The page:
Pharmaceutically active compounds (PhAC) are an important group of emerging environmental contaminants that has been an issue of increasing interest in the international scientific community in recent years. Comparing with conventional priority pollutants (persistent organic pollutants, heavy metals, etc), PhAC are designed to have specific pharmacologic and physiologic effects at low doses and thus are inherently potent, often with unintended outcomes in wildlife.
The study of the optical properties of the compounds that constitute the pharmaceutical presentation of drugs is a very important link in environmental monitoring due to the current upward trend of the optical detection methods. Also, given the photo-degradation ability of these compounds, exposure of waste flows to optical radiation emitted by conventional and/or laser sources may be subject to systematically study. In this context, the photostability of the pharmaceutical products serves to study their behavior after exposure to optical radiation (natural or emitted by different optical sources).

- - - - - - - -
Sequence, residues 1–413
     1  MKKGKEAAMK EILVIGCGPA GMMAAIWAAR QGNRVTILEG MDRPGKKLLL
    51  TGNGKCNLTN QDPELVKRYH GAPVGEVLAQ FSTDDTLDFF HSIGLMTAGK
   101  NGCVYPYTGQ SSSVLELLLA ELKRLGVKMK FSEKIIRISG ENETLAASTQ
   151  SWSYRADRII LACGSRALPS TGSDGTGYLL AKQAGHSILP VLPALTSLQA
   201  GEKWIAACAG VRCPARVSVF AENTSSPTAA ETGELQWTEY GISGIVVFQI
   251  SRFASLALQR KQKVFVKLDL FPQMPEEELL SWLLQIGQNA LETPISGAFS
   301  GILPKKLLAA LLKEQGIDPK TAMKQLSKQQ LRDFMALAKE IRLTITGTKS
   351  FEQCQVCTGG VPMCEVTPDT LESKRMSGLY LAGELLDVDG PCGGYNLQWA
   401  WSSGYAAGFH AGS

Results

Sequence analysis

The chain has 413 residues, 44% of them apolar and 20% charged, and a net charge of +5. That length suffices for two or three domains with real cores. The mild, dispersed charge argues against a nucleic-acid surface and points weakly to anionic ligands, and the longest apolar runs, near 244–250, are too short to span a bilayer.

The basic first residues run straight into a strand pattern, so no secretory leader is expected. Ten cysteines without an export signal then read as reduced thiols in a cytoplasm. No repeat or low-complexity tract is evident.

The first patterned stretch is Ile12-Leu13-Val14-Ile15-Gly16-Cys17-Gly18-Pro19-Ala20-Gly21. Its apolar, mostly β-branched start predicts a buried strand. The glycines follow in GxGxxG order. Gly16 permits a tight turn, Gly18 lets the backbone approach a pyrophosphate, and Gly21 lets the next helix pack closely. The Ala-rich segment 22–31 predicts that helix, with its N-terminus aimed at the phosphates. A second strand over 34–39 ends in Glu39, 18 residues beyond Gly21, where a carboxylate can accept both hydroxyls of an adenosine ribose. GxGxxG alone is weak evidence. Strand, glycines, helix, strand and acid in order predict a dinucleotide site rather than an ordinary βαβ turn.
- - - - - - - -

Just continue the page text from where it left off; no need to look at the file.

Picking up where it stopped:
This Thesis aims to undertake a study of optical properties of drugs selected from several therapeutic areas and how they behave at interaction with light, emitted by both the natural and artificial sources, particularly under the action of laser beams. The ultimate goal of this Thesis is to demonstrate that exposure of medicines solutions to different irradiation doses may constitute a mean of removing them from solutions either by their complete degradation or by inducing molecular structure changes in order to generate less toxic byproducts.